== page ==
2. Fill in major gaps (e.g. between parts that are glued together) with a goopy mixture of acetone and extra ABS plastic soaked over night.  I made mine thicker than that described in to tutorial.  This goop creates a liquid filler that can be painted into crevices and defects.  Sand that down and repeat until all the gaps are filled.
  3. Wash and dry the part to remove the sanding dust
  4. Use the Cold Vapor Acetone Bath technique to smooth the surface of the ABS plastic. This will not work for PLA.  This is far less dangerous than techniques that heat the very flammable acetone.  This technique lines a paint can with acetone soaked paper towels.  The evaporating acetone condenses on the part surface and begins to melt the surface of the part.  After about an hour, I remove the paint can and let the part gas out for 24 hours.  I haven’t tried a longer duration for fear of melting the parts too much.  The results are pretty nice, however I found that the parts shown above still had a slightly rough feel possibly because I let the part gas out in my dusty garage or maybe I didn’t wash them enough.
  5. Apply a single coat of 30 minute epoxy.  I learned this technique here.

What’s Next?

I’ve got servo pulleys on order that will replace the defaults used by the InMoov project. I’ll get the hand assembled and tendons threaded.  I will also develop a ROS action server for the hand and wrist and write a Python GUI to control the hand on the touch screen.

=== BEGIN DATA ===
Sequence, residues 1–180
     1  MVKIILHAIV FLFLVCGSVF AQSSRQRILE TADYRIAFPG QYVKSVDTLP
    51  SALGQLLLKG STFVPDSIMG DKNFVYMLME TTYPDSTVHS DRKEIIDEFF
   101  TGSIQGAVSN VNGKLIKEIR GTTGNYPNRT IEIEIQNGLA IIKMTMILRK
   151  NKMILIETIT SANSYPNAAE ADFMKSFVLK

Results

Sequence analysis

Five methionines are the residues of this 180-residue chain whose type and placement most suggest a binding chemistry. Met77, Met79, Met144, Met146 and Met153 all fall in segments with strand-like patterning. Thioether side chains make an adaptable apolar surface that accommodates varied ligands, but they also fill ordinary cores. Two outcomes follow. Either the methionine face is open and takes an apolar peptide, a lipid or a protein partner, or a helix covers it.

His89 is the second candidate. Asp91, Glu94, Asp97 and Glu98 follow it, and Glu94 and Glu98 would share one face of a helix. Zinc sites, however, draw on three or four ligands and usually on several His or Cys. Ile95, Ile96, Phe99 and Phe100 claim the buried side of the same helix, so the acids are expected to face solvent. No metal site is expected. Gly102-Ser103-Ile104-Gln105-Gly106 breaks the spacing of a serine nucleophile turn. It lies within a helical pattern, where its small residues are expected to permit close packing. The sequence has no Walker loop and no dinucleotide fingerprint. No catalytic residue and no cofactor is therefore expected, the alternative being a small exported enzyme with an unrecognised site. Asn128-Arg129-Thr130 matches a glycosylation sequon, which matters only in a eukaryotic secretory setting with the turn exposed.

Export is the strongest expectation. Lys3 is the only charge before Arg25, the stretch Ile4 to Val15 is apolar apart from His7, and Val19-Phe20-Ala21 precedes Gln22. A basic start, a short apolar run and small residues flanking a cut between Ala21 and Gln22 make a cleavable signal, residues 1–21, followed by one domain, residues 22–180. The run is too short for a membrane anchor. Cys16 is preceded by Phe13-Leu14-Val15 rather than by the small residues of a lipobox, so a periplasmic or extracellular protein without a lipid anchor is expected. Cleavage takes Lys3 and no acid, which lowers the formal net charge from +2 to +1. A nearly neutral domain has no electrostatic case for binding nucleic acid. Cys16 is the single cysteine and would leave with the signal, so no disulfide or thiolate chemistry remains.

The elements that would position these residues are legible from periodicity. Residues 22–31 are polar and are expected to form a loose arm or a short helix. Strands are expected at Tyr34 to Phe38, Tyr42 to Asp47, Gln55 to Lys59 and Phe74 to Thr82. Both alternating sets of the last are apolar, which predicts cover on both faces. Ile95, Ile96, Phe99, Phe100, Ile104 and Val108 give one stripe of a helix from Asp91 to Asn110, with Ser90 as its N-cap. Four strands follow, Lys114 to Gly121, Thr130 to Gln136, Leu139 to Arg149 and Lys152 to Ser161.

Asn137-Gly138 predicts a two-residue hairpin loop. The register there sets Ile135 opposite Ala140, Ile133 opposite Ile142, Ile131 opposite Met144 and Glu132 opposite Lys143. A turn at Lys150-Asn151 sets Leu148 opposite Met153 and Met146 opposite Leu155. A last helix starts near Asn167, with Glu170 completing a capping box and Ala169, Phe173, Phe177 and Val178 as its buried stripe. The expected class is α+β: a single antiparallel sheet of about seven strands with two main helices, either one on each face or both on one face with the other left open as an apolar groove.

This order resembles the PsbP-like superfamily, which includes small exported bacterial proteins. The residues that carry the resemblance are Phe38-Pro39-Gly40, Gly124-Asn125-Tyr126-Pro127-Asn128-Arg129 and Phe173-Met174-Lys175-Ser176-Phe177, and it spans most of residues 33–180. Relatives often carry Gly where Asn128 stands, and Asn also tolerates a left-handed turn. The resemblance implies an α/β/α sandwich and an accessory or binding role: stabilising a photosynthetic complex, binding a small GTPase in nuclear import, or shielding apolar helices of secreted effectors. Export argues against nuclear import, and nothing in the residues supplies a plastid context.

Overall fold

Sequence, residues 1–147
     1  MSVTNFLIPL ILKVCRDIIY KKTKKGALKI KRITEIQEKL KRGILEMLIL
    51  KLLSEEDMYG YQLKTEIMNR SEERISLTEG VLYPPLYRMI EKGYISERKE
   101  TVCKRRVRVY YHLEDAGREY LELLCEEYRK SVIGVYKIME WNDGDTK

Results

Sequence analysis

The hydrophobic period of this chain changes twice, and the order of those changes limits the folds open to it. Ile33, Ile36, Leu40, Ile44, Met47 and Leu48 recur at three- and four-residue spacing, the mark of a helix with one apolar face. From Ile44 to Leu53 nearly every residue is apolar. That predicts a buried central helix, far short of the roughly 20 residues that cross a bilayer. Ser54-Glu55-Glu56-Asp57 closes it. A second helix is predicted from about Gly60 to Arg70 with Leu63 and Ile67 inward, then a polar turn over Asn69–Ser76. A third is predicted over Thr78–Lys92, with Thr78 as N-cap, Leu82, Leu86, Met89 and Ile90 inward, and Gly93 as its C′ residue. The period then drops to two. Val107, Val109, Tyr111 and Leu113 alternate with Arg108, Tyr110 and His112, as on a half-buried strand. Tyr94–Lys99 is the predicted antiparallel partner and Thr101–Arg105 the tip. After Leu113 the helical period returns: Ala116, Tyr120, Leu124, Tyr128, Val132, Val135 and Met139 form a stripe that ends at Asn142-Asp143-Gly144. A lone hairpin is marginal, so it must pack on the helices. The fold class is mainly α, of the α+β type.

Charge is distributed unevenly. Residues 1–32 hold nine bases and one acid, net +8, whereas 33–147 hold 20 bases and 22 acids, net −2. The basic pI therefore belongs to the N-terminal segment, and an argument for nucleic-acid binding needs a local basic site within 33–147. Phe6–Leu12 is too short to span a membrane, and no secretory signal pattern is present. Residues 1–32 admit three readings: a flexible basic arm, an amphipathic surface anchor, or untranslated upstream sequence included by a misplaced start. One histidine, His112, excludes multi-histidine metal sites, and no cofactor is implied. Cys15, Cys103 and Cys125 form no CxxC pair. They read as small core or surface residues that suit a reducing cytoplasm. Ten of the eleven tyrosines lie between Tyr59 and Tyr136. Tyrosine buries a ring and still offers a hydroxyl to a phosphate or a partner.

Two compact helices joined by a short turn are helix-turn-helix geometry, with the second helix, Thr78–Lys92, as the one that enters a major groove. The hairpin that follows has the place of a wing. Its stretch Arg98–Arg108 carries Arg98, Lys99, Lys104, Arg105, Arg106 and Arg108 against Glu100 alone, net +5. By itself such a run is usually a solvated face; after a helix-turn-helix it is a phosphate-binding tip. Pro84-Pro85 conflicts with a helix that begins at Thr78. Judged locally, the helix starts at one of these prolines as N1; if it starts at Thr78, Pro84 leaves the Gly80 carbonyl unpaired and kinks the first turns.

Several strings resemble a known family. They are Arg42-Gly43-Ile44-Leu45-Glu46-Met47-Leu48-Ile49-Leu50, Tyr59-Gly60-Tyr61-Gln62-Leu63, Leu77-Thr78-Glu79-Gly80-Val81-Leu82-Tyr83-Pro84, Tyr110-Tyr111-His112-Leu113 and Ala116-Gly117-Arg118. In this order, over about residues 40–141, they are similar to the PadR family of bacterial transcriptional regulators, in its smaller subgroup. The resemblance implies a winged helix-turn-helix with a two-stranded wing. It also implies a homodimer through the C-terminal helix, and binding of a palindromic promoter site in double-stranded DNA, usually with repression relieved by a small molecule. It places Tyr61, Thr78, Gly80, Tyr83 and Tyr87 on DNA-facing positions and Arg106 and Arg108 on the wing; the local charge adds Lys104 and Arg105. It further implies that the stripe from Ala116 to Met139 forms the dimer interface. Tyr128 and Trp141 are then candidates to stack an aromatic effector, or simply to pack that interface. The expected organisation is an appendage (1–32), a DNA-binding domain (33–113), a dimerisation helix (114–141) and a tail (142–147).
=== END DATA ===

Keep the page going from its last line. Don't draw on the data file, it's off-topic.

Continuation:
Current Parts List

  1. [$40] Raspberry Pi 3 – Model B – ARMv8 with 1G RAM
  2. [$8] Assembled Pi T-Cobbler Plus – GPIO Breakout – for RasPi A+/B+/Pi 2/Pi 3
  3. [$15] Adafruit 16-Channel 12-bit PWM/Servo Driver – I2C interface – PCA9685
  4. [$2] 4700uF 10v Electrolytic Capacitor (for the Servo Driver board)
  5. [$15] Pimoroni Raspberry Pi 7″ Touchscreen Display Case – Noir
  6. [$80] Pi Foundation PiTFT – 7″ Touchscreen Display for Raspberry Pi
  7. [$5] Addicore Heat sinks for the Raspberry Pi 3
  8. [$330] 3D printing services for ABS plastic for the right hand, wrist and forearm
  9. [$20] sandpaper
  10. [$6] Metal paint can for the Cold Vapor Bath finishing techniqu
  11. [$5] Magnets to keep paper towel along the inside of the paint can
  12. [$10] 32 oz. of acetone
  13. [$20] various screws and super glue
  14. [$14] Pacer Technology Zpoxy, 30 minute set, 8 oz.